The Supreme Court's rather inventive 5-4 decision upholding most of Obamacare will have many long-term consequences.
Chief Justice Roberts controlled the wording of the majority opinion by stunningly voting with the liberal majority. Apparently worried more about the appearance of being a leader than upholding Constitutional principles, as evidenced by his switching sides during the period of political threatening by the president, the Chief Justice did manage to — hopefully — undermine the future abuse of the interstate commerce clause to justify the federal takeover of everything.
However, and this is one huge “however,” while blasting the federal takeover through the commerce clause, he certified the federal takeover of one of largest segments of the economy and substituted a new way for Congress to raise taxes without calling it a tax.
Conservatives have long known that regulations are a “back door tax.” But in law, and of course the courts are about “law,” words have precise meanings. Regulations and taxes are not the same thing. Certainly the constitutional jurisdictional powers are substantially different.
If Congress has the taxing power to regulate those not even involved in the commerce but could be in the future, this new congressional power is even more extensive than the commerce clause (if that is possible).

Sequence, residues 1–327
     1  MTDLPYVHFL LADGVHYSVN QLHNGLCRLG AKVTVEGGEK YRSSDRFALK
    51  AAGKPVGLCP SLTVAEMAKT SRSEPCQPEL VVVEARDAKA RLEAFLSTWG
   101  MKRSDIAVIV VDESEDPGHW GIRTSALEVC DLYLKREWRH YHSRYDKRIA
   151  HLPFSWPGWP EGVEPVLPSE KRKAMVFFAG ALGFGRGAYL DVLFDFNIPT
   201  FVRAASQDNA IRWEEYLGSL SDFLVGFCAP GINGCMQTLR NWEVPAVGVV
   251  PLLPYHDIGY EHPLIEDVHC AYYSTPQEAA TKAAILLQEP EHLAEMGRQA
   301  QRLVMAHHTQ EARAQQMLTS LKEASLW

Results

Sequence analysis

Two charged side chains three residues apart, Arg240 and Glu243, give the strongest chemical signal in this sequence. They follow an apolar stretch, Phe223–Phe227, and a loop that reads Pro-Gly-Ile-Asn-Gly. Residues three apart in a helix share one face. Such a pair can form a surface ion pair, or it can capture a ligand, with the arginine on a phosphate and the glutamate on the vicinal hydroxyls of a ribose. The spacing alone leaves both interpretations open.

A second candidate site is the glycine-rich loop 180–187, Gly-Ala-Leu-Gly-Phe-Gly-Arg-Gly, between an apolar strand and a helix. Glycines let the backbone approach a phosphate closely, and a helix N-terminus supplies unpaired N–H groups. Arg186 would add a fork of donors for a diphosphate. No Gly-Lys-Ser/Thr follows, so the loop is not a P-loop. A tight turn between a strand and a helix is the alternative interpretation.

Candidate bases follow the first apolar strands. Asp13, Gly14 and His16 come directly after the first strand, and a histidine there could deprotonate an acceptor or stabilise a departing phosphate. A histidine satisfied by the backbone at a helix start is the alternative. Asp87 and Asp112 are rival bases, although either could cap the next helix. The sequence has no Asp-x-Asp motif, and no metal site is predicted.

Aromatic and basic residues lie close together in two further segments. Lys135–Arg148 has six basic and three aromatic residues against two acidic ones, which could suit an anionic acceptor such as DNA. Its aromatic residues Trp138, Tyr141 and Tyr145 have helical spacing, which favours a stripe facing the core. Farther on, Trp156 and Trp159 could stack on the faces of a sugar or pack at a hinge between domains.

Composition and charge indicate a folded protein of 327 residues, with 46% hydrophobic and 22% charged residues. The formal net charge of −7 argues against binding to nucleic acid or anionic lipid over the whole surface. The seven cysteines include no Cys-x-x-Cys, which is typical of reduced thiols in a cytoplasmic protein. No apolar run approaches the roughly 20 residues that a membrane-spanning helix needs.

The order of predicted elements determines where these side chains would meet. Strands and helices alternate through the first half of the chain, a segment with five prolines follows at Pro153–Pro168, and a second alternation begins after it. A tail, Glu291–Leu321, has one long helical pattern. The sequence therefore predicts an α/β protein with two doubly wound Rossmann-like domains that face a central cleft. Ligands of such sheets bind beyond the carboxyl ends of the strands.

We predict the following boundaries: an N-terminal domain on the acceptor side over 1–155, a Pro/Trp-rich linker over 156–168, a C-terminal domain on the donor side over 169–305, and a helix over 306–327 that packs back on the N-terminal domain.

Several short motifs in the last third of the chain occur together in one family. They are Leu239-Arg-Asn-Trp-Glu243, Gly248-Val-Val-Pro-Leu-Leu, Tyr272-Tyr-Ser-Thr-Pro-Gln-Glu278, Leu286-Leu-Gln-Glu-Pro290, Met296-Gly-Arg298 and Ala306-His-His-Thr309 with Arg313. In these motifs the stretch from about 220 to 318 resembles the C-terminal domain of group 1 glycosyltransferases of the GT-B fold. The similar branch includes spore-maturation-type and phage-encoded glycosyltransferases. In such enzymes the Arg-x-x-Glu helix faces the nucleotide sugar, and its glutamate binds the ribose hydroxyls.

Let's try this out on some local issues. If you have well water, can you be forced to pay for Aqua Indiana upgrades because you “might” use it? Should the Amish have to pay for burying power lines? (Tomorrow each Amishman could go English and become Mennonite.) It disconnects “user fee” taxes from the “users.”
Upon this fig leaf, the entire American population will be force-fed national health care. We are about to turn health care into a regulated system like the utility companies, before we nationalize it into a single payer system (inevitable under the rigged set-up, though a potentially delayed fuse unless changes accelerate the takeover).
Private utility companies do a decent job providing energy service and minimalist repairs guided by utility regulators that review pricing (which means de facto profit margin and expense decisions, which then limits return on investment which limits funds to invest). For example, in Fort Wayne right now, the hot idea is to have AEP bury power lines. My guess is that it has probably occurred to them before. But who is going to pay for it?
Health care exchanges will have private sector companies, fueled in the short term with new mandated customers, struggling not only under current mandated reforms but new ones every time Congress thinks of one. Meanwhile, the government already has begun implementing price alternative policies for the “uninsured” that are far below market costs.
If you think that won't result in more companies dropping health insurance, then — well — move to Canada.
I actually read and debated the health care bill since the Ed & Labor Committee wrote the base bill, and passed it first. Let me assure you: It is worse than you think.